It is unfortunate for Bernier that Harper's former director of policy, Rachel Curran, considers Bernier's commitments "unworkable." But he does at least want to move aggressively.

(Potentially more significant is Bernier's talk of transferring all responsibility for health care to the provinces: a move that could effectively nullify the Canada Health Act, the federal law that governs public medicare. But somehow an entire leadership campaign passed without that becoming a significant matter of debate.)

Otherwise discussed over the past year has often been what Curran recently described as "variations on the Harper agenda," with little said about a host of issues the federal government has to contend with (possibly even issues that voters in the suburbs of Toronto might like to hear addressed).

Saskatchewan MP and Conservative leadership candidate speaks with CBC News 8:59

That might simply speak to the natural limits of conservatism. Or the relative strength of the party that Harper left behind.

In the first quarter of 2017, the Conservative Party once again trounced the Liberals in fundraising. More than 100,000 party members are expected to vote on a new leader. And the party's popular support has held steady around 30 per cent since the 2015 election.

Those are not obviously the numbers of a party in crisis.

But Liberal support has held steady too, just above 40 per cent.

If, by 2019, Trudeau's government seems a hopeless mess, a slightly refreshed take on the Harper agenda, or an aggressive interpretation thereof, might be enough to return the Conservatives to power.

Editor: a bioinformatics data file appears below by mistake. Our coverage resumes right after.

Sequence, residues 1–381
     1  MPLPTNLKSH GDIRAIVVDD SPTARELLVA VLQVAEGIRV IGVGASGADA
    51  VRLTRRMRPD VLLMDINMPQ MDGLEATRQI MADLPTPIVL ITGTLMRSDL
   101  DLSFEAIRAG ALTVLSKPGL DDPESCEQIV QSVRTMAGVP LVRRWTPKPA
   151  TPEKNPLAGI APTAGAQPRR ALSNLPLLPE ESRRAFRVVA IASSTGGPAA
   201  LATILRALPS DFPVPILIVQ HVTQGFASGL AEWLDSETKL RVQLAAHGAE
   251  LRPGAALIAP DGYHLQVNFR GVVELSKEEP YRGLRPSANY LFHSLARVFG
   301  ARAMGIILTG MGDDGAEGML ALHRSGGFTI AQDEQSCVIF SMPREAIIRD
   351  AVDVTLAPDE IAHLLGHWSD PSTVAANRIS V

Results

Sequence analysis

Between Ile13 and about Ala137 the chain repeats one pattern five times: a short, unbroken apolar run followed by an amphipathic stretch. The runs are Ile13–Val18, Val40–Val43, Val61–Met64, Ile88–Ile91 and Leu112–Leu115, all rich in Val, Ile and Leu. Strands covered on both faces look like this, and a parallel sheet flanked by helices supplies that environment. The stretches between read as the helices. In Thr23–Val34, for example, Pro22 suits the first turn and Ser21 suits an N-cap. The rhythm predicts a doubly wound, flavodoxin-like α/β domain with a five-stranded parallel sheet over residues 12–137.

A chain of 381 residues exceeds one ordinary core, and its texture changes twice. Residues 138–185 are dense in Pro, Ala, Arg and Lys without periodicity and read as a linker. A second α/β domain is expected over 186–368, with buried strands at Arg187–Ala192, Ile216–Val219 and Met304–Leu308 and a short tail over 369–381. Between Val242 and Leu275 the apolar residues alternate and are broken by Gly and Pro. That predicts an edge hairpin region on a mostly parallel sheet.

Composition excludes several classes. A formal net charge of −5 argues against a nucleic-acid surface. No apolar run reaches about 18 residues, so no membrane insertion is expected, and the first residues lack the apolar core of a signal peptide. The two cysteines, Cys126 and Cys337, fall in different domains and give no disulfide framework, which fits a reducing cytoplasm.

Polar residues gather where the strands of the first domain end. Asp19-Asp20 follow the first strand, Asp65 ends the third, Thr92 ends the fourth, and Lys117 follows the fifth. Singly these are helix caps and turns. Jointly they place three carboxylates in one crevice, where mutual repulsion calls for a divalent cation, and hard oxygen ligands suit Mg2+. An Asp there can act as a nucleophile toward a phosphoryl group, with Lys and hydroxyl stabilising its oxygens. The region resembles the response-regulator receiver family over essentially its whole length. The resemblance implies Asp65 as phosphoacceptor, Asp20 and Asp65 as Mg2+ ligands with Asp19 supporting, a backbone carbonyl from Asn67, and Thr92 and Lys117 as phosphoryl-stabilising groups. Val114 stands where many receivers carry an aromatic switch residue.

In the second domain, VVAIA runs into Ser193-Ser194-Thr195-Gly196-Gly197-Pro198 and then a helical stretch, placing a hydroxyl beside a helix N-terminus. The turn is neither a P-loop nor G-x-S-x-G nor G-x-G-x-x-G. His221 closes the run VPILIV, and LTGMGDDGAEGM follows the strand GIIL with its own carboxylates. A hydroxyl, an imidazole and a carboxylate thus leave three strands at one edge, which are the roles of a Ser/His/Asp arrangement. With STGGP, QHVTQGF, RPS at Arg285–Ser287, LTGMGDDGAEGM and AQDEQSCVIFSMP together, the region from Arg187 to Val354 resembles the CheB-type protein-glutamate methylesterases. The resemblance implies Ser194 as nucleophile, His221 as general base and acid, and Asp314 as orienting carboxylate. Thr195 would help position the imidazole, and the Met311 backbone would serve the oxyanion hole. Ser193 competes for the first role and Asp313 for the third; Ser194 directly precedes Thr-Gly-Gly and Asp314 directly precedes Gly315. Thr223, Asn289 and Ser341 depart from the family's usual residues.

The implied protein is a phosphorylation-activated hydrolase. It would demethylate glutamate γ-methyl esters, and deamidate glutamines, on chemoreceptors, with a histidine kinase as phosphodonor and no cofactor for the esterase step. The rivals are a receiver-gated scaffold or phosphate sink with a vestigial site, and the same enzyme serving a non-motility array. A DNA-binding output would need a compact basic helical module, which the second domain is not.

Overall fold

But, failing that, Conservatives might come to realize Curran's warning that mere variations on the Harper era "will not, on their own, be sufficient to provide a truly credible alternative to the Trudeau government."

In the waning days of the 2015 campaign, Harper didn't seem to have much left to say for himself. It remains to be seen how much more the next Conservative leader will have to offer.

CBC's live coverage of the Conservative leadership convention begins Friday at 5 p.m. ET on cbcnews.ca, Facebook.com/CBCPolitics and CBC News Network with a special 1-hour Power & Politics with Rosemary Barton. Coverage continues with our CBC News special hosted by Peter Mansbridge at 6 p.m. ET. We'll have streaming video, live updates and analysis at cbcnews.ca/politics.

Saturday's live coverage begins at 4 p.m. ET, with first ballot results expected around 5:30 p.m.

About the Author

Aaron Wherry

Parliament Hill Bureau

Aaron Wherry has covered Parliament Hill since 2007 and has written for Maclean's, the National Post and the Globe and Mail. He is the author of Promise & Peril, a book about Justin Trudeau's years in power.